Have you ever struggled to tell your bar-tailed from your black-tailed godwit? How about differentiating your dabbling ducks, or getting to grips with gulls and grebes?
No matter how experienced a bird watcher you are, there are always species that will prove tricky, and there will be times (sometimes lots of them) when you’re not quite sure what species you’re looking at. Or perhaps you’re a beginner or intermediate birder keen to add to your knowledge and improve your skill at identifying tricky birds in the field.
In these cases, no matter how good your standard field guide, you’ll more than likely find it wanting.
The reason for that is simple. To include a comprehensive enough range of birds to be useful, while staying compact enough to carry in the field, your average field guide has very limited space to cover individual species. When it comes to so-called “confusion species”, the devil really is in the detail, and your average field guide simply doesn’t have enough of it.
That’s where a specialist identification guide like the “Helm Guide to Bird Identification: an in-depth look at confusion species” comes in. As it states on the cover, this book focuses on similar species that are likely to cause identification issues for birders, and provides the details and key characteristics you need to resolve them.
The book is a comprehensive update of the classic volume “A Field Guide to Bird Identification” by Keith Vinicombe, Alan Harris and Laurel Tucker, first published by Macmillan in 1989. That guide became the go-to reference to tricky bird identification for a generation of birders. Unfortunately that original guide has been out of print for quite some time, and as time moves on so things inevitably change.
Our understanding of bird identification criteria has evolved considerably over the intervening years, and developments in bird taxonomy have led to birds that were once considered a single species being split into multiple (obviously very similar) species (the herring gull being a prime example — once considered a single species, now thought to be at least six). All of which makes for new and interesting identification challenges for even the most die-hard birder.
Thankfully publisher Christopher Helm, an imprint of Bloomsbury, has released this brand new, fully revised edition of the old Macmillan guide (by the same authors), bringing things bang up-to-date. Just to be clear, this is a British publication, and has a British focus in terms of its scope, but the identification criteria presented, and species discussed, are, for the most part, just as relevant to birders here in Ireland (with the exception, perhaps, of Irish distribution and status information).
Illustrations are excellent throughout, showing outstanding detail and highlighting key identification characteristics for confusion species side-by-side, with useful little labels to point out what you need to look for. I was particularly impressed with the illustrations of gulls and wader — the two groups I struggle with most often — but to be fair all of the illustrations are superb. The quality of the artwork is helped by the printing / reproduction, which is excellent. In fact the quality of the guide overall is top-notch — making it a very enjoyable book to use.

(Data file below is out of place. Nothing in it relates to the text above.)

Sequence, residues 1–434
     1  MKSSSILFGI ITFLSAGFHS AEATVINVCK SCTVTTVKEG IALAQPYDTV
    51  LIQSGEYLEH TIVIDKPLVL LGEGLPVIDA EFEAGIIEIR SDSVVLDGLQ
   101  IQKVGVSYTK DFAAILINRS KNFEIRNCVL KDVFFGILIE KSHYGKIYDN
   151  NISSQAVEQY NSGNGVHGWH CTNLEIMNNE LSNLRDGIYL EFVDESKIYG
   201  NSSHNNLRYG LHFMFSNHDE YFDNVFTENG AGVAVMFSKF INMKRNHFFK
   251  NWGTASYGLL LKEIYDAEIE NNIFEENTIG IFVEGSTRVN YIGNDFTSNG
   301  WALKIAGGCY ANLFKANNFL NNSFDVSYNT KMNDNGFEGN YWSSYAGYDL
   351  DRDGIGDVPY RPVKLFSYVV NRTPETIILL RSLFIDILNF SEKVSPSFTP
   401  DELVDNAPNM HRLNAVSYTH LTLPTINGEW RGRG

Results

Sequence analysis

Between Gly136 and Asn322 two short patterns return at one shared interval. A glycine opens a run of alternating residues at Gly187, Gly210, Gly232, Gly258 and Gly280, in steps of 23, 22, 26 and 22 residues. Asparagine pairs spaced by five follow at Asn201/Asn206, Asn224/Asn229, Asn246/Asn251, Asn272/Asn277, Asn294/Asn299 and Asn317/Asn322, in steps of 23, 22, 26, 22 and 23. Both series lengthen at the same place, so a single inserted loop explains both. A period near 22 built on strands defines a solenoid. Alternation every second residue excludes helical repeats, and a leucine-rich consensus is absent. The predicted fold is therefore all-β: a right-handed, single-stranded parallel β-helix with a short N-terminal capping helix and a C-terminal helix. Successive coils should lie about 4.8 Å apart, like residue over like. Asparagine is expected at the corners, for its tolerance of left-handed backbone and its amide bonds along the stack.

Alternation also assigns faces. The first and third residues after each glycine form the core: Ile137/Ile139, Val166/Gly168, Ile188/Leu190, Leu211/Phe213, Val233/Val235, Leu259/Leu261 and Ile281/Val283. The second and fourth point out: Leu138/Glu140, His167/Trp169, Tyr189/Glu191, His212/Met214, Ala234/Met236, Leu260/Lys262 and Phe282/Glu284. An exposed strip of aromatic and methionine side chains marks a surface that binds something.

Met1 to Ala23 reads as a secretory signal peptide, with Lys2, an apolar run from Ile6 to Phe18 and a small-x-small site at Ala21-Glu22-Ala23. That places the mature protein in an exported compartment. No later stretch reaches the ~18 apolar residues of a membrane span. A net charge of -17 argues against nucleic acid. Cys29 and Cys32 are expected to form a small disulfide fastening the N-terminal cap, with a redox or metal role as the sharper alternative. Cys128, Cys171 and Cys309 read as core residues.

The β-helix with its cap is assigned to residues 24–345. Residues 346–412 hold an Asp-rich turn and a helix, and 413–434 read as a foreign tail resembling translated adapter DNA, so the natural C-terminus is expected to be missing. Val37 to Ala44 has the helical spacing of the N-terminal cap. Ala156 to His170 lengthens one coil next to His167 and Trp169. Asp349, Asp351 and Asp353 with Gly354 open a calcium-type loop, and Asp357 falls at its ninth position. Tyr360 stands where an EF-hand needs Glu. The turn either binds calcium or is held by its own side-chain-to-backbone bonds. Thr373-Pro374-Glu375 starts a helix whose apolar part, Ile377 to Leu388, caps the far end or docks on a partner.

Keith Vinicombe’s descriptions are clear, well written and accurate. I really like the way he hasn’t tried to shoehorn every description into a standard structure. Instead he treats each species on its individual merits, covering the most salient characteristics to achieve a positive identification. The text is concise, and yet doesn’t compromise on relevant detail where necessary to get the job done.
Some experienced birders will level criticism because of the inevitable omissions. What the authors have chosen to include won’t necessarily coincide with what some might like to see, or with the particular identification challenge they face on any particular outing. But for most birders, most of the time, this book will prove a useful reference when trying to differentiate tricky species.
For beginner and intermediate birders in particular it is a wonderful learning resource for honing and refining your ID skills. The detailed descriptions are full of useful ID tips that really stick, and gradually you’ll find yourself turning to the book less and less as you learn how to pinpoint species in the field — and for those times when you’re just not sure, the book is there to help.
This is a wonderful book for any birding enthusiast, and a very useful companion / addition to a good standard field guide. If it’s not already on your wildlife bookshelf, I heartily recommend adding it.
Thanks to Christopher Helm / Bloomsbury for submitting “The Helm Guide to Bird Identification” for review on Ireland’s Wildlife. See other wildlife book reviews here. If you’d like to submit a book for review get in touch and we can take things from there.
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